But the picture conveyed these days is actually misleading. The NEA as a matter of policy opposes all K-12 merit pay under all circumstances.
Intercepts goes carefully over the actual wording of the resolutions adopted by the NEA's governing assembly. Intercepts concludes:
[The] NEA opposes merit pay, performance pay, or any other method of pay that replaces the traditional salary schedule, collectively bargained or not (except for higher ed).
The union may support pay that supplements the traditional salary schedule provided it is bargained, does not pay to fill hard-to-staff schools or subjects, and is not based on “education employee evaluation, student performance, or attendance.”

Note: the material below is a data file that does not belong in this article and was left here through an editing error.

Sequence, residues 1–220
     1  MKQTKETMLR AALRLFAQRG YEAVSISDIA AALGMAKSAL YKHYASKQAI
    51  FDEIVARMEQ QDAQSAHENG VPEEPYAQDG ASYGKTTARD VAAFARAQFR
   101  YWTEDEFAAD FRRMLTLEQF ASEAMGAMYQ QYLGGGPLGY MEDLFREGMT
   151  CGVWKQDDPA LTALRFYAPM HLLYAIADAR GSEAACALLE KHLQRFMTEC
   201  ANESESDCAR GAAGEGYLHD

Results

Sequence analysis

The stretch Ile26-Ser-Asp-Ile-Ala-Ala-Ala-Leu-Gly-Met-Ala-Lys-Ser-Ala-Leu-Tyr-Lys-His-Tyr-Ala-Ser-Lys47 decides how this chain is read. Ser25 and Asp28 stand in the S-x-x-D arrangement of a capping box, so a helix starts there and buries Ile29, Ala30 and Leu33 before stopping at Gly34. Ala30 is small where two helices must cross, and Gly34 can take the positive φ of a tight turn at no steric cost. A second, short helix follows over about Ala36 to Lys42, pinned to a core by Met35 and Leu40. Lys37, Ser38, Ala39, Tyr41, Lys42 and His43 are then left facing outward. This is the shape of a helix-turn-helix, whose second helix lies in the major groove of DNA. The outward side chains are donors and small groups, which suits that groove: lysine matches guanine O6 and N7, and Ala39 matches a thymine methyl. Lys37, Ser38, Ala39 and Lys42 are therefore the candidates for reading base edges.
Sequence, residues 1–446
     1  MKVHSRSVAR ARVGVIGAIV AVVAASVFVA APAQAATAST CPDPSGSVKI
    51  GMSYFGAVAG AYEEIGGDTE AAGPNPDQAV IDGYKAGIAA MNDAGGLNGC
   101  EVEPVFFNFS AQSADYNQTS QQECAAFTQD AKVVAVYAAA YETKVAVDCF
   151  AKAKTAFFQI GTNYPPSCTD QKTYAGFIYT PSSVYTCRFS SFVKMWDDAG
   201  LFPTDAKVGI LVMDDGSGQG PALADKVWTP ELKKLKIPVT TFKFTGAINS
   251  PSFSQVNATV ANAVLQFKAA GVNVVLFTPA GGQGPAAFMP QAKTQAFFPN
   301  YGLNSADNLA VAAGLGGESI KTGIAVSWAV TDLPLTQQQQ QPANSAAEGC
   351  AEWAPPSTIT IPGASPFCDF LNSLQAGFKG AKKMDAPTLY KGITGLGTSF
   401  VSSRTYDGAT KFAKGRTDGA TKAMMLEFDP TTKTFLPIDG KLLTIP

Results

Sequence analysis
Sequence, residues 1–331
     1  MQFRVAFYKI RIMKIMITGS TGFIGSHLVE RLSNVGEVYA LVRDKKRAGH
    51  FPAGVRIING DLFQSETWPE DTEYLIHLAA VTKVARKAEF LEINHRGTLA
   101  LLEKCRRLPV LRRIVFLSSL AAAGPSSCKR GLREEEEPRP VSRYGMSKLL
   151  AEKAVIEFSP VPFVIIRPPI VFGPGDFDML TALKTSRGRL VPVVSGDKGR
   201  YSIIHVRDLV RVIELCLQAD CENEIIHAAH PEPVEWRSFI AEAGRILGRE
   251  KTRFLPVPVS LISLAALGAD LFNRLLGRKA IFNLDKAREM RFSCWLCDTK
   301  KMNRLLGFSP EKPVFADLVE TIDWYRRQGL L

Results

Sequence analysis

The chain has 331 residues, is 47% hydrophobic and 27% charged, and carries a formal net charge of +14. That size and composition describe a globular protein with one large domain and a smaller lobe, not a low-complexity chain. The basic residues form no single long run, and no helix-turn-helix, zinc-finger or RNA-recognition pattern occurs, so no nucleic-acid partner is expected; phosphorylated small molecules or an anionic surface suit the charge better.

That last provision is important. It doesn’t say “student test scores,” it says “student performance.” It doesn’t say “education employee evaluation by a principal or other administrator.” It says “education employee evaluation.”
Intercepts thinks President Obama’s notion of merit pay "falls well short of replacing" the traditional salary schedule. But Intercepts is convinced that President Obama "does actually mean performance pay," and that he is in fact "at odds with [the] NEA" on the issue.